But this level of simplicity doesn’t last, for its purpose is to make you feel like a punching god as you become familiarized with the controls. Combat gains more complexity once the powers of Green and Blue – which are respectively mapped to triangle and circle for basic attacks, and up and right on the d-pad for special abilities like slowing down time – are infused into Koru’s fists: punch an enemy with a green aura, and the coward flees in terror of Koru’s unbridled animosity; punch an enemy with a blue aura, and the silly sap begins to sob, freezing him in place, allowing you to circle around to his backside to deliver a rising uppercut.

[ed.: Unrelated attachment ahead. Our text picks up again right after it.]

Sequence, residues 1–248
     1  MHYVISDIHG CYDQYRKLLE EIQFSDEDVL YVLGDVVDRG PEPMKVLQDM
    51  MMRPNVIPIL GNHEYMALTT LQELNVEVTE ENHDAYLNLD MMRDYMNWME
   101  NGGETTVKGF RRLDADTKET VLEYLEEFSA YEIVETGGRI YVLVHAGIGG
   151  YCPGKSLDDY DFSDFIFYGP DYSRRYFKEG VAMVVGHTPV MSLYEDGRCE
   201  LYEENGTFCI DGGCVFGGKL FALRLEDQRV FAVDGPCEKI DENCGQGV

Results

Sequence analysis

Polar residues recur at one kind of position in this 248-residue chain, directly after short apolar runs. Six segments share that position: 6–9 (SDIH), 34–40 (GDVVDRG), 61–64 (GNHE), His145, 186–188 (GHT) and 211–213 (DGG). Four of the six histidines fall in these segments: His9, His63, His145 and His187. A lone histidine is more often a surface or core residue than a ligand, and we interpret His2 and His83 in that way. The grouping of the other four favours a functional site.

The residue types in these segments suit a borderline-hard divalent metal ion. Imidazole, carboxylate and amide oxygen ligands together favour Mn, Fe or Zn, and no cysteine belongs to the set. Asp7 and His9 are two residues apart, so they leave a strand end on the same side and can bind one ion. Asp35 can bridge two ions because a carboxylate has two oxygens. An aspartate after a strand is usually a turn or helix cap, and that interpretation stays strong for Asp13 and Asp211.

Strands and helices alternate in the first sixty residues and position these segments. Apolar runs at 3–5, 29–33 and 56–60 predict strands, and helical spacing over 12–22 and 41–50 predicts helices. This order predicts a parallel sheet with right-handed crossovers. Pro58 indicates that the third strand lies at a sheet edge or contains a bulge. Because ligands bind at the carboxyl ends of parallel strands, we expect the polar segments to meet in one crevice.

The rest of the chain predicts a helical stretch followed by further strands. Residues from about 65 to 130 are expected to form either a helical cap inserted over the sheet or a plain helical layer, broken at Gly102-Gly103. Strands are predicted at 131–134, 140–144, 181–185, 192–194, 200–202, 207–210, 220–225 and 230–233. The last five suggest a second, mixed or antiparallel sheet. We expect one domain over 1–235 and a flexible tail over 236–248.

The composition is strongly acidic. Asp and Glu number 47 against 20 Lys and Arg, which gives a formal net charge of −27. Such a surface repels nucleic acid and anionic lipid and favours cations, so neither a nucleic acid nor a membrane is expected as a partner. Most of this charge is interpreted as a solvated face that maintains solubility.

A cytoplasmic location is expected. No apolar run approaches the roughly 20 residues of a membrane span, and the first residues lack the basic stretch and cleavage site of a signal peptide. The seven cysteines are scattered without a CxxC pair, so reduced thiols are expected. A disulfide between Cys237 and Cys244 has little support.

With these skills, when encountering a group of attackers – some that are small, some that are large, some that are firing white gobs and lasers from a distance – you can build a number of strategies through grouping or funnelling them by, for instance, freezing the more threatening enemies with blue punches, making weaker enemies flee with green punches, then pummelling away with red punches while dodging within the space you’ve created. You see, the enemies love to crowd you, so the encounters are all about utilizing a pugilistic system of crowd control to gain the upper hand. And it’s very satisfying and responsive. The problem is you don’t gain some of these abilities, and thus don’t really need to use any other strategy besides dodging and spamming square, until what feels like almost midway into the game, which may leave someone expecting more options in the first few hours of the story combatively unfulfilled.